I'm working on getting regular blog content in here, and missing a week was not in my best-laid plans. Also, I was building up some momentum in my WIP, and it's thrown me just a little (not as bad as this cowboy though!).

What's a writer to do?

Get back in the saddle, of course. It is easier for some to pick up where they left off and keep moving. Others have to ease back in. I've always struggled with getting back into it if I lose momentum. I lost the last idea I had for a blog post. So as a good writer should, I'm turning THAT into something to write about.

I bet the guy in the picture above sure got on another horse (maybe not that one, but still...). It shouldn't stop us either. I had a good excuse from last week, but last week is gone, and I can't use it as an excuse any more. What will get me back in the saddle?

Doing my routine. Get out the cell phone, set the time, and get writing. That turns off the internal editor, and the rules are "NO internet" during this time. It gets me 300-500 words in a 20 minute shot, and that's more than I'll get if I putz around, or sit in the dirt feeling sorry for myself.

Besides, if I stay in the dirt, that darn animal might come back for another crack at me.
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What say you? What has thrown you from your game before, and how do you get back up?
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Wednesday, November 02, 2011

Why I'm Not Doing NaNo

Call me Scrooge if you want.

November is the month writers come out of the woodwork, participating in National Novel Writing Month (NaNoWriMo to the uninitiated). It is a great time of fellowship with fellow writers, all encouraging one another to write a 50,000 word novel in one month. There are groups that meet all over the country and internationally. It is a big deal in the writing community.

And I've learned I need to sit it out.

I'm not saying NaNo is bad at all. It can help people who have always wanted to attempt a novel to take the plunge and start writing knowing they have company. Experienced writers can use it as a jumpstart to a new project. Technically, it is supposed to be a new project and not a previous work, but I know many people use it as a time to get more writing done.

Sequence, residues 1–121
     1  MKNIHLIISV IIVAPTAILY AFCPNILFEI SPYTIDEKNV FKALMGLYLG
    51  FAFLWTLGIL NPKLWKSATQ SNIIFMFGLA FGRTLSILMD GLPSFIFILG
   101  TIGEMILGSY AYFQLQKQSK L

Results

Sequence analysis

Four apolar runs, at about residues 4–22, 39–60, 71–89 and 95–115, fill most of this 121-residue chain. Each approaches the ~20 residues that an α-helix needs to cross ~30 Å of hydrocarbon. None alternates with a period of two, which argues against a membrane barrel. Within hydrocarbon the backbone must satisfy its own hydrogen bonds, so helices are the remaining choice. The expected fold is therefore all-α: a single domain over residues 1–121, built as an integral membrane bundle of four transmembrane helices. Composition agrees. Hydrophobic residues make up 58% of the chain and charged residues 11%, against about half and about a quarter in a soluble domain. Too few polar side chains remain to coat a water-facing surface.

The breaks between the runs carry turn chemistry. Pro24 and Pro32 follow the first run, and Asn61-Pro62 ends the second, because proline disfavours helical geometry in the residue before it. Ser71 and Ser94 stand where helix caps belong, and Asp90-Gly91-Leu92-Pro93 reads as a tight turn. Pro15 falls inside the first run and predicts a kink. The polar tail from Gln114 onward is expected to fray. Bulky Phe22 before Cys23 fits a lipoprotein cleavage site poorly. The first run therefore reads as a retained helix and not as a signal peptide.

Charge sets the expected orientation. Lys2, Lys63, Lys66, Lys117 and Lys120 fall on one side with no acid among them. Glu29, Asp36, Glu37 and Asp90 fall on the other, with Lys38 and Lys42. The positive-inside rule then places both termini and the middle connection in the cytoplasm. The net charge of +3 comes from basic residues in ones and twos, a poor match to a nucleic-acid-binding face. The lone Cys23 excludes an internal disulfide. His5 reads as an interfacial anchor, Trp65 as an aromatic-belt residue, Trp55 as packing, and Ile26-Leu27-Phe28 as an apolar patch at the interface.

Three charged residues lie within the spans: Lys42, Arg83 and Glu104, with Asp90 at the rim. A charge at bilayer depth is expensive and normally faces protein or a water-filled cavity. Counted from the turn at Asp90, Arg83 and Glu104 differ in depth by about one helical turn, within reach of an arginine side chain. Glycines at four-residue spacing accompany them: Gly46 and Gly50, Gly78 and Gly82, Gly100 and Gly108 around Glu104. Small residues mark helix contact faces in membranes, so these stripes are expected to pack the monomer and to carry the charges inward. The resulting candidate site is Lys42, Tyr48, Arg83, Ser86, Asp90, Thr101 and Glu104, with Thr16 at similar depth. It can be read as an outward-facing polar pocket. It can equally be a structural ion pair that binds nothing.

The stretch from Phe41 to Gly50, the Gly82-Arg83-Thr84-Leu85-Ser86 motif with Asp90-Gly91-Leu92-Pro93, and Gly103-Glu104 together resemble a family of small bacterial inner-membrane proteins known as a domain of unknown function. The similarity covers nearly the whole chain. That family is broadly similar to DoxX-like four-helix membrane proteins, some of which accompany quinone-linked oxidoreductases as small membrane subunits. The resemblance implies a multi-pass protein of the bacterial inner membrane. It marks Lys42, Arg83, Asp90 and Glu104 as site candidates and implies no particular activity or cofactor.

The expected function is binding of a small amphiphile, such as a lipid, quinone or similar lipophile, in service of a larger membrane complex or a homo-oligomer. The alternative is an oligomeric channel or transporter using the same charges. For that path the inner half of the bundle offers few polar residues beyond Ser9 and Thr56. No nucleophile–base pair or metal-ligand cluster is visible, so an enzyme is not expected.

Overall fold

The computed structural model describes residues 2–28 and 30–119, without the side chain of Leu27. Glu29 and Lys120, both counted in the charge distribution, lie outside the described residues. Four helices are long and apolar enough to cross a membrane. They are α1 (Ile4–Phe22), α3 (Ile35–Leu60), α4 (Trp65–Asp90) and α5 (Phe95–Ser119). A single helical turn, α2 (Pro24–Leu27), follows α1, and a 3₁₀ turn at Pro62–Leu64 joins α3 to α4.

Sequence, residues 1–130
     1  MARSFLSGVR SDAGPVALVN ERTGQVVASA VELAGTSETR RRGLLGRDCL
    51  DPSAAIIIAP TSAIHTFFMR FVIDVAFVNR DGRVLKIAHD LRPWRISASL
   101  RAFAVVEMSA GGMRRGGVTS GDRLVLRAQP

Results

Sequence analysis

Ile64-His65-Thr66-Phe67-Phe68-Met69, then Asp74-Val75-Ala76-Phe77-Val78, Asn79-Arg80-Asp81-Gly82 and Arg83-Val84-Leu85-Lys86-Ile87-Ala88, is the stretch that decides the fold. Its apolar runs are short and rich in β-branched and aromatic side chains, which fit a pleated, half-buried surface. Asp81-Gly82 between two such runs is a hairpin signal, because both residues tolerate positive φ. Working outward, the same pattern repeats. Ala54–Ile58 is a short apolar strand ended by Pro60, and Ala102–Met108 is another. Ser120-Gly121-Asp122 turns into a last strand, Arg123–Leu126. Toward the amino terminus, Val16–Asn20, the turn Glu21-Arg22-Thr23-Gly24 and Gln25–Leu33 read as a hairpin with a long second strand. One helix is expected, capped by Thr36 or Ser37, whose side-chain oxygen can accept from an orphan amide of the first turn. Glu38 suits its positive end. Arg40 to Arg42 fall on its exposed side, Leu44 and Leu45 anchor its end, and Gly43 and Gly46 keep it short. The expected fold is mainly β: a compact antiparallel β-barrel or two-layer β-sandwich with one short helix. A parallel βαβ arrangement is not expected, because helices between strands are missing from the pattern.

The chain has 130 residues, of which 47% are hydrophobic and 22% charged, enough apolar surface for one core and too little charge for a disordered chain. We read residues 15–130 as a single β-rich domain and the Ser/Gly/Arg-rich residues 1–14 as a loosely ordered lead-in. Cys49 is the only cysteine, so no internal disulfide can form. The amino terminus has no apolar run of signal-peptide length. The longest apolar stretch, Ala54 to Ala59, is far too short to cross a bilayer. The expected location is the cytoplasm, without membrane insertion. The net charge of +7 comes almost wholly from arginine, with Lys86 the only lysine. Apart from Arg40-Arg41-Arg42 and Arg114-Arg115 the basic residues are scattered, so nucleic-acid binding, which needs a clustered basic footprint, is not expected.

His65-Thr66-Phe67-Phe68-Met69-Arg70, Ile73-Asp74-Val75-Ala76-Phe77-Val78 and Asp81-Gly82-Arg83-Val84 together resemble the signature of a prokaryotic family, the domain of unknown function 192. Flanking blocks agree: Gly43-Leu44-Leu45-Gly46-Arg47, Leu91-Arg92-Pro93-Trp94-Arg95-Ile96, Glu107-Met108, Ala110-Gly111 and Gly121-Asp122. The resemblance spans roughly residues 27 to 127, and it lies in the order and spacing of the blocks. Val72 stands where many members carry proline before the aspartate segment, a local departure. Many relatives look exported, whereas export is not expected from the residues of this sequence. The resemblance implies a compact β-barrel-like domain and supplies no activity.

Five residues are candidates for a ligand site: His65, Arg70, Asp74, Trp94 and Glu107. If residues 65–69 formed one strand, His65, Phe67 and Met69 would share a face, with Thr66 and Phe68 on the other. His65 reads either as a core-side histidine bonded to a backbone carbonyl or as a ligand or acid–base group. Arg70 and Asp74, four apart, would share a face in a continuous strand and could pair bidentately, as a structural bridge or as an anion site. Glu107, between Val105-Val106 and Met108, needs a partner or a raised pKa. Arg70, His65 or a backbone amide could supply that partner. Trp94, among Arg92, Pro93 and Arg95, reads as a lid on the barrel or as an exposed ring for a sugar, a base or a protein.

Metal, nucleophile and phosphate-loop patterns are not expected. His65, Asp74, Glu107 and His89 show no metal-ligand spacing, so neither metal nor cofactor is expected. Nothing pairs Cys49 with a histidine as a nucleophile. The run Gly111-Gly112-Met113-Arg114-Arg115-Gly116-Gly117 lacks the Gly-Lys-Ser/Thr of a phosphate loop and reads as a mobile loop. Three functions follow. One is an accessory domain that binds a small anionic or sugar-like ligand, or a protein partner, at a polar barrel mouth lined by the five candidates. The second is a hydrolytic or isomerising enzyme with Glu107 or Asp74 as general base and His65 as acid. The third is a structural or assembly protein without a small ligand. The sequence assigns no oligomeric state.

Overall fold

I've found it doesn't work for me.

I've tried it twice now. One time I participated in a group and made some friends there that I still keep up with on Facebook. It just doesn't help me in my writing. Both times, I've plowed ahead trying to keep to the 1667 daily word pace required to finish in thirty days. Both times, it drove me into a wall with my writing that took me a couple of months to get around.

I don't know why it makes me crash. I've realized that forcing it won't work for me. I was even tempted to try it again this year, but a good article by my friend Becky Miller helped me identify my problem during NaNo:
...the pace doesn’t allow the new writer to collect himself when the story bogs down, to learn what might be the problem, and to discover how to get out of it.
I will be trying hard in November to keep BIC (butt in chair) and press ahead with my story, especially since I'm in a good place with my plot. I'll be cheering on all my writing buddies doing NaNo as well. I just won't be going for the 50,000 goal with you, but best of luck to you!
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Have you done NaNo before? If so, how did you do? Please share!
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Friday, October 28, 2011

CFBA Tour - The13th Demon

Jason says: I received this book too late to read it for this tour, but I have started it and will be looking to reviewing it soon. In the meantime, here's the CFBA Tour promo for The 13th Demon.




This week, the
Christian Fiction Blog Alliance
is introducing
The 13th Demon
Realms (October 4, 2011)
by
Bruce Hennigan


ABOUT THE AUTHOR:

Bruce Hennigan was born and raised in the isolated countryside of Shreveport, La., a place full of possibilities for the active mind of a young boy. The fertile imagination he cultivated while playing deep in the Louisiana woods would lead to a lifelong love of creative writing.

In 2006, Hennigan pursued the Certified Apologetic Instructor Certificate from the North American Mission Board of the Southern Baptist Convention. He has become a frequent speaker at regional and state events on apologetics and his strong point is in making these sometimes hard to understand issues easily approachable for the average Christian. Hennigan’s experience in apologetics inspired him to write his new novel, The 13th Demon: Altar of the Spiral Eye, a supernatural Christian thriller that combines science and faith. Now, combining his love for apologetics and his love for the art of writing, Hennigan is pursuing a career as the “Michael Crichton” of Christian fiction building powerful, fast paced stories around the truths of Christian apologetics.